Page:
This post is part of a four-part series by Adam Krob and Bill Stockton. See also Part 1 and Part 2.
When we left Alice in the last blog post, she was trying to use the same categories she used in the human world to understand Wonderland. She was struggling with her journey, as well, and the Cheshire Cat didn’t seem to be helping...
Alice: Would you tell me, please, which way I ought to go from here?
Cat: That depends a good deal on where you want to get to.
Alice: I don't much care where…
Cat: Then it doesn't matter which way you go.
It might not matter for Alice where she was going, but for our customers, it does. They use our products and services to a specific end. For B2B (business-to-business) companies, that end is better serving their customers. For B2C (business-to-consumer) companies, the end is their own benefit. For those of us in internal IT, it is enabling our company to deliver our own goods and services.
In support, we often lose track of that end goal, the reason we are delivering support in the first place. The way we work has something to do with it. No matter how hard we try, there will always be more cases to answer (a phenomenon my daughter discovered at three years old when she tried to bail water out of a hole near the ocean). Our tools also reinforce this sense of support as an un-ending cycle. We gather data for a particular issue/incident, resolve it, and go on to the next one.
We often lose track of that end goal, the reason we are delivering support in the first place.
Problem management is intended to help us see above the issue/incident cycle to the patterns and trends that connect our customers’ (end users’) issues. This is the true promise of problem management—it isn’t just reactive root cause analysis. There are two ways that we can get on the path leading our organizations beyond reactive.
If you are in an industry with a distinct cycle (yearly, quarterly, monthly), everyone in the support organization can point to specific needs that come up at the same time, over and over. For one financial firm, their clients used the same reports every year for accounting close. Since most of their clients were on the same fiscal year schedule, two weeks before the year end, most customers contacted them to get help with those reports. Support organizations do a relatively good job addressing these high-impact, frequent types of questions/incidents.
There is more information hidden in these cycles, though. Another client saw a jump in the number of searches and cases for their online learning system two weeks before the traditional demand peak. The second time we saw the same jump, we dug deeper. It turned out that the same placement test was administered each year and there was a non-technical problem with the test. It was a less-frequently occurring type of issue, but the impact was very high for a short period of time each year.
The challenge with identifying these micro-trends is filtering out the noise that our most frequently occurring issues/incidents create. Looking at the trends in small date ranges allowed us to find a pattern, one that we would not have seen if we had been looking at reports monthly.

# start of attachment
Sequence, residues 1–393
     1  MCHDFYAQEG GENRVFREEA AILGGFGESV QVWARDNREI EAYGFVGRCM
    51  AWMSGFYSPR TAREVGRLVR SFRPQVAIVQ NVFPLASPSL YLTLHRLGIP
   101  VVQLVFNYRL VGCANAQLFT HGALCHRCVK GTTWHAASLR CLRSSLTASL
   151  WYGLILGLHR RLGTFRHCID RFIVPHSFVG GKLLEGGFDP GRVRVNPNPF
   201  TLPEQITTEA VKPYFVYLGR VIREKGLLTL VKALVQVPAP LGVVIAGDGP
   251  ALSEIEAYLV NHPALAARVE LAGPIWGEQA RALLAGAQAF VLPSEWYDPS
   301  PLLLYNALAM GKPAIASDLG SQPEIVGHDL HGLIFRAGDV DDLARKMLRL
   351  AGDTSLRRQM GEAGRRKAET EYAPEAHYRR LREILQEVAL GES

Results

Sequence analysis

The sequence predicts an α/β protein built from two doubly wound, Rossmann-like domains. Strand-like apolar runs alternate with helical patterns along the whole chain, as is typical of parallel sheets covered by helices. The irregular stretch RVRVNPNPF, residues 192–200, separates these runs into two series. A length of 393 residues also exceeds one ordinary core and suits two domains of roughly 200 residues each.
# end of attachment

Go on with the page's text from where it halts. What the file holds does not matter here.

Another way to go beyond root cause analysis is to look at the product/service lifecycle across multiple products/services. Some organizations support products/services that are highly customized for each of their customer. For these products/services, it can take a long time to start to see the trends for each individual product or service.
There is still value, however, to start looking for trends across products/services. You might find trends in the top issues reported by customers according to the lifecycle of every product.
Even though each individual product or service has unique technical issues/problems, common issue types/categories can help us target messages to our customers based on where they are in the product/service lifecycle; you could do the same analysis based on how long a customer has used a particular product or service.
Why Should I Use the Knowledge Repository for this Analysis?
There are two reasons why the knowledge repository is uniquely suited for these analyses:
- The knowledge in your repository is about forests, not trees. Knowledge articles distill the core question or customer/end-user need from the conversation in the case/incident record. You are left with the knowledge that applies to more than one situation. Because of their structure, knowledge articles make you think about relationships between cases, products, and services.
- Knowledge articles are categorized specifically to enhance reporting (as Bill Stockton pointed out in part 2 of this series). This categorization doesn’t have to account for how you escalate incidents/cases or the structure of your organization. The categories can focus on common types of issues/incidents across products/services.
Using these two analysis techniques, combined with the rich and relevant data from your knowledge repository, can help problem management start to fulfill its promise—to show us what path our customers/end users need to take and how we can help them along the path.
For more than two decades, Dr. Adam Krob has studied and evaluated IT and customer support structures. While his career spans numerous areas, his core focus has always been the optimal alignment of support with the company's goals and the use of knowledge management strategies, such as KCS, as a tool to achieve these goals. Adam is a pioneer in enhancing overall perceptions of service, and in the transformation of support from a reactive to a proactive enterprise. He is the cofounder of
, a company dedicated to bringing common sense to knowledge-sharing practices. Follow Adam on Twitter at